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Scene setting, mood altering, energy shifting—the right shade can completely transform your outlook with the stroke of a paintbrush. This month we’re dipping into that chromatic magic with our series Color Your World.

Some have described Benjamin Moore’s Chantilly Lace as a “good place to start,”while others concede it’s “great at hiding unusual architectural elements.” But to really get a sense of the fan-favorite white paint, you can’t just take people at their word—you’ve got to see it in action. “We joke it’s our house white,” says Hyphen & Co. founder and principal designer Shelly Lynch-Sparks. The hue came in especially handy when she signed on to renovate an apartment for a young couple expecting their first child. Almost every room in the 1,200-square-foot space in Manhattan’s West Village was a shade of pink—and not the millennial-approved kind. “The artwork needed to be the shining moment,” says Lynch-Sparks. 

After making some much-needed functional updates like replacing the ’80s-era appliances and opening up the entryway, she coated almost every surface in the crisp, bright color, from the baseboards, beams, and doors (done in a semigloss finish) to the walls (finished in eggshell). “Everything needed to be neutral,” says the designer. Here are five pros to the fresh start. 

It Lets You…Spotlight the Outdoors

Sofa, Croft House; Side Tables, Monc XIII; Swivel Chair, Stahl + Band; Chair Fabric; Kravet; Rug, Aronson’s; Coffee Table, Timothy Youlton.

Art isn’t the only thing on display—so are 11th-floor views of the West Village. To take advantage of the city scenery, Lynch-Sparks added a small floating countertop below the window. The ledge doubles as both a breakfast bar and an office. “Their schedules are a little bit funky, especially with a new baby, so we wanted a space where they can sit down with a laptop while also having a bowl of cereal,” she explains.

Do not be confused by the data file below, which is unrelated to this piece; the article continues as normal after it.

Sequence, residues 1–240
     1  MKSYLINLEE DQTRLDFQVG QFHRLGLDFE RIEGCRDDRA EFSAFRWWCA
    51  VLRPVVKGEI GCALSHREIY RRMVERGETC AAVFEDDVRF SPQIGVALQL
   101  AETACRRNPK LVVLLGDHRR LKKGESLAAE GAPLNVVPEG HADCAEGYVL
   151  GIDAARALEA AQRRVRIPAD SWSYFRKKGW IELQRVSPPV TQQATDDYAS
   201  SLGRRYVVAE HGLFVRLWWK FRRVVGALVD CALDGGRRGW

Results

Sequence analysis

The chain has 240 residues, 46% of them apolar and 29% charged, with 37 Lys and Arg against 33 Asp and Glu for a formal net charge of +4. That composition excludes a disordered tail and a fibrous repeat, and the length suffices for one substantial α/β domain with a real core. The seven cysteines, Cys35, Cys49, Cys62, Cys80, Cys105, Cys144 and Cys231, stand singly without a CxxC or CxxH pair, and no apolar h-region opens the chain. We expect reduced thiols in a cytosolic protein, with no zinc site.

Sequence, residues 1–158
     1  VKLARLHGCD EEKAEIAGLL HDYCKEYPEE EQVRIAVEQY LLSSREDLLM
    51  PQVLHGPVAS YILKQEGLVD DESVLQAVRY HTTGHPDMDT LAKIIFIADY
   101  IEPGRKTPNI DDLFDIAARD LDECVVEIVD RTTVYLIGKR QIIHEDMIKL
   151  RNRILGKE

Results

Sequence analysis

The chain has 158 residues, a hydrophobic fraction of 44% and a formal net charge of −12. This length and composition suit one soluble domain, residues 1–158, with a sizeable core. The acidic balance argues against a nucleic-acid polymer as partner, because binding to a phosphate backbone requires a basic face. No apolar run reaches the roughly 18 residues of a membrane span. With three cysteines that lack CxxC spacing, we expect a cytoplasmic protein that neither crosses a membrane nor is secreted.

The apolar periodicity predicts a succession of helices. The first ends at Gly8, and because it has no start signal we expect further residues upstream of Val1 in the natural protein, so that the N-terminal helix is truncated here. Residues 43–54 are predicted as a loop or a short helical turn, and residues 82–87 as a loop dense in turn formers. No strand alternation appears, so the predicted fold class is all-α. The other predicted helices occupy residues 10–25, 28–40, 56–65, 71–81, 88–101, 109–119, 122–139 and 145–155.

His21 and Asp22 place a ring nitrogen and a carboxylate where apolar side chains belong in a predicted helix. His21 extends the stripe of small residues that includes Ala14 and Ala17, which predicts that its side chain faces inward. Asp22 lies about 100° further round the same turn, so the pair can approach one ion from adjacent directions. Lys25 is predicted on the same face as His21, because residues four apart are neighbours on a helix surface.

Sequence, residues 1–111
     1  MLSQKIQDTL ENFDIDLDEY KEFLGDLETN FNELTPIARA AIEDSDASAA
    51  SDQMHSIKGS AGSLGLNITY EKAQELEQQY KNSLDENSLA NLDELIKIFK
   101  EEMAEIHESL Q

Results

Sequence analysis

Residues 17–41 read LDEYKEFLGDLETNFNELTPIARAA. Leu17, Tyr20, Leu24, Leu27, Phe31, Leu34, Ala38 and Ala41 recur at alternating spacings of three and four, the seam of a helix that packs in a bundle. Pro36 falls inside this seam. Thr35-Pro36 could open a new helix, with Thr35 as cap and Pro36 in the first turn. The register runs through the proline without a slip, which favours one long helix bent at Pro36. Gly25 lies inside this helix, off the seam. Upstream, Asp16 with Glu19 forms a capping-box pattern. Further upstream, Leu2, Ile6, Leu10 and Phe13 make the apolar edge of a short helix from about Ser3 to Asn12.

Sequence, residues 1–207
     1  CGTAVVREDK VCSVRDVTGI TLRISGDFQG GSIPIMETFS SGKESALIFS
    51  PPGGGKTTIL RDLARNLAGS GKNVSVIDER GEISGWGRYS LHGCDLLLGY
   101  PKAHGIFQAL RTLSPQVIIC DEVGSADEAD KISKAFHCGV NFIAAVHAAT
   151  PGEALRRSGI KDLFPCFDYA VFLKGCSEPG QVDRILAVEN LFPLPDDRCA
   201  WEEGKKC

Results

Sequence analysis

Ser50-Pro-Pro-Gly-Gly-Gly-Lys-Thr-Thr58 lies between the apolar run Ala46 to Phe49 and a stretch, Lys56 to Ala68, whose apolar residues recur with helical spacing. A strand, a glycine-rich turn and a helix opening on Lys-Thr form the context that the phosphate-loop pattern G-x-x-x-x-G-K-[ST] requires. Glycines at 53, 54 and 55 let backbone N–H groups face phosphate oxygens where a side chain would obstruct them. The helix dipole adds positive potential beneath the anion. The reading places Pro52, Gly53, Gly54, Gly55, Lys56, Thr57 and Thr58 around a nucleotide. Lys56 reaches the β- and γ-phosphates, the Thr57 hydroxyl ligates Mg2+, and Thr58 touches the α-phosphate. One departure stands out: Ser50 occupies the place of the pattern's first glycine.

It Lets You…Wind Down in the Evenings

The bedroom is the only place the designer departed from Chantilly Lace, opting for a cooler-toned white called Calm (also by Benjamin Moore). “It’s hard to tell, but it’s a bit softer,” she says. Other whites she swears by include Simply White, White Dove, Cloud White, and Farrow & Ball’s All White. 

In addition to building out cabinets around the window (the bench is there to hide the radiator), the designer added a small knee–height ledge behind the bed that acts as both a place to display art and charge their phones (there was no extra room for nightstands). “It’s functional and also decorative,” she says.

It Lets You… Keep a Nursery Gender Neutral

Rug, Anthropologie; Light, West Elm; Crib, Kalon; Glider, Monte.

At the time of the renovation, the couple didn’t know the gender of their baby, so they stuck with the neutral wall theme and brought in personality with bright furnishings, like a cheetah-print rug from Anthropologie. Seamless-looking blackout shades provide an extra-soothing backdrop come nap time. 

It Lets You…Play Up Wood Floors

Neon prints and velvet swivel chairs weren’t the only things that suddenly seemed bolder once the walls were coated in white. Lynch-Sparks refinished the floors throughout the apartment in a walnut stain and swathed the fireplace in black to create moments of contrast. “We wanted to bring out those rich tones in the space,” she says. 

It Lets You…Veer From Standard Tile

All the millwork in the home was custom except for the main bathroom vanity (a Home Depot score). The budget buy only looks expensive thanks to the textured tiles behind it (the rectangles are a hair smaller than the standard subway) and the dark Schluter strip. The classics never have to be boring. 

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